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free discussion. It was proper that the Constituent Body should keep a check upon the Executive, of which he had the honour of being a member. (Hear, hear/) It was the duty of the Executive Body to watch over the conduct of every department of the service; and if they neglected that duty, he trusted the General Court would call them to account. He thanked the Hon. Proprietor who had opened the debate, for the clear, able, and argumentative manner in which he had introduced the question. He thanked the mover and seconder, and also the other gentlemen at whose requisition the General Court had been summoned, for their candour and fairness, in being willing to leave the question to the deliberative consideration of the Court of Directors. Before he proceeded further, he must advert to what had fallen from an Hon. Director near him, and also on the last day's debate, from an Hon. Proprietor high in the benches, whose father (Mr. Twining) they had often heard with much pleasure in that room, greatly to the advantage of the Company, viz. that the able manner in which their affairs were conducted in India, was owing to the servants sent from Haileybury College. Lest an erroneous impression should be made upon the General Court, he distinctly controverted this assumption, and asserted, without fear of contradiction, that of the able, honourable, and upright men who now formed the Governments of Bengal, Madras, and Bombay (he alluded to men bred up in the Company's service in India), not one man had been educated at Haileybury. He would take a brief retrospect of the Company's affairs in India for about eighty years, when an able and ambitious Frenchman (Monsieur Dupleix) projected the establishment of extensive French dominion in India. The plans of the French and their allies were ably and successfully opposed by the then Company's servants. From that time to the conclusion of the peace with Tippoo in 1784, a period of forty years, was many an arduous struggle: during that time of difficulty and danger, had they not emiment men, who demonstrated their capacity to conduct their affairs, on every emergency, in the most brilliant and successful manner, long before Haileybury College had been thought of? Even Adam Smith, no friend to the India Company—which he did not very well understand, or he would have written differently respecting it—admitted that the counsels of the Company's Governments would have done honour to the best days of Greece or Rome. Let them divide the space of eighty years to which he had glanced, into two parts, and look for a moment at the last forty years, viz. from 1784 to 1824; he must say, without meaning any disparagement to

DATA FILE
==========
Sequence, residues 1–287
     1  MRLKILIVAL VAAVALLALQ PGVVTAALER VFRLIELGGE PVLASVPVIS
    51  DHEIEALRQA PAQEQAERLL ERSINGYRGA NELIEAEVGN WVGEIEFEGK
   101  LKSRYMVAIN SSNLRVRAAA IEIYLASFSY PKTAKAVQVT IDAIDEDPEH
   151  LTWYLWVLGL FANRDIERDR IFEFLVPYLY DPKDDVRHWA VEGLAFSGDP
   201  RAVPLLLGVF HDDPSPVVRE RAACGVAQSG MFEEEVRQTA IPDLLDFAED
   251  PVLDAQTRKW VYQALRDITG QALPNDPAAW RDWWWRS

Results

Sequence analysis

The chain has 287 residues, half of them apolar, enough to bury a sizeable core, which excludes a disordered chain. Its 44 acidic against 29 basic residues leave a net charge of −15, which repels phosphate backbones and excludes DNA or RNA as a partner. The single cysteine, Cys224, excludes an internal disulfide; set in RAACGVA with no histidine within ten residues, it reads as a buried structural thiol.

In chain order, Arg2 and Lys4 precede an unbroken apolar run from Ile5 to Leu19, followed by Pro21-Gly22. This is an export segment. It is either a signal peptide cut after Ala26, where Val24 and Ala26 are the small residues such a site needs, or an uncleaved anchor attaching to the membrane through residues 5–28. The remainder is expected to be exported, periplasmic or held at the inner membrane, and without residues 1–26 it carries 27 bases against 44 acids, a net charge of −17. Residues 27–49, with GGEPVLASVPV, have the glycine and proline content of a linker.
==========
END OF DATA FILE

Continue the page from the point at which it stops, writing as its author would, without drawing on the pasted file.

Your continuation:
the great men who had been in India since that time, that the conduct of their affairs was comparatively play. Lord Cornwallis, Lord Teignmouth (who was bred up in the Company's service), Lord Wellesley, Lord Minto, Lord Hastings, came to the head of governments, already possessing great and matured talent in their civil servants; to the command of numerous well-disciplined armies, led on by officers of great skill and experience, fit to contend with any troops in the world: they had, therefore, in full development, all the elements requisite to support their governments, long before the establishment of Haileybury College. In respect to the college itself, the question never had been, as some might suppose, whether there should be education or no education, learning or no learning ; he agreed, all agreed, that their civil servants should be well educated men. When, twenty years ago, the college was first projected, caught by theory and speciousness, he was one of the warmest advocates for it: but the experience of eighteen years that the college had existed, during which time he had kept a vigilant eye upon it, had greatly shaken his opinion. He felt great obligation to the gentlemen who had signed the requisition which led to the present debate; he felt strongly the able and fair arguments with which the motion had been supported. It was fair to ask, was the education at Haileybury superior to what might be obtained at other places? In regard to European knowledge, no one could reasonably contend that it was. Originally it had the advantage in respect to oriental literature; but since its institution, this has comparatively greatly lessened. There are now in this country many men, who had been long in India, able and willing to teach the oriental languages. There are now men in England, and he believed also in France, who have never been out of Europe, and who are conversant in oriental literature. There are great distinctions between Haileybury and all other colleges. In the first place, the college at Haileybury is not subject to what all other colleges, and all places of education throughout the kingdom are exposed to, the pou erful, though silent operation of public opinion. Parents are forced, whatever may be their opinion of Haileybury, to send such sons there as are destined for the civil service in India. This compulsion, which no where else exists, is in itself a great error, which he thought, in its consequences, most injurious to the operation of proper discipline. Another distinction between Haileybury and other colleges is, that in other colleges there is a gradation of ranks, from the head to the undergraduates; there are private tutors, who form a strong connecting link between the graduates and under graduates. Pria vate tutors cannot be had at Haileybury. o- Among the under graduates at other cola leges are many, who look not only to the t honours, but also to the lucrative benefits *. of the college, which are very considerable in many of them. At Haileybury, there is a wide chasm between the professors and students; and when the young men had passed their four terms, they went for ever from the college, and it became to them officially as nothing. Now look into the natural effects. No one can doubt the due employment of time to be essentially requisite in the education of youth : see how time is employed at Haileybury, a point on which he spoke from records, and not from private information. First as to the professors; the examination of the qualification of students, on their coming to the college, might take three or four days; the examination before the end of a term, about a fortnight. Attendance at morning and evening prayers took little time; there was also attendance at dinner; but the chief time in which the professors and students came in contact, was at the lectures. At these, some of the professors were employed four times, a week, viz. two hours in two days, leaving the rest of the week to themselves. Some were employed five hours, and some nine hours; the assistant professors ten hours in the week. With regard to the students; in the two senior terms each student attends, for four days in the week, two hours each day; and some attend, for two days, three hours each day: in the two junior terms each student attends, for five days in the week, two hours each day; and for one day, three hours. The lectures are over, for some students, by one o'clock, and for the rest by two o'clock; from those hours until nine at night, excepting a short time at dinner, the students are left to themselves. The age at which the students go to the college, is generally between sixteen and seventeen; none under sixteen. Can it be expected, that at such an age they should, iike monks, retire to their cells to study ? Left to themselves for so many hours, they will naturally seek to amuse themselves. This he deemed an essential defect in the college system. So sensible were the College Committee of this waste of time, that they proposed to the professors that evening lectures should be given. This proposal was strenuously resisted, and when at length reluctantly acquiesced in, the professors said the responsibility must rest with the committee. The pro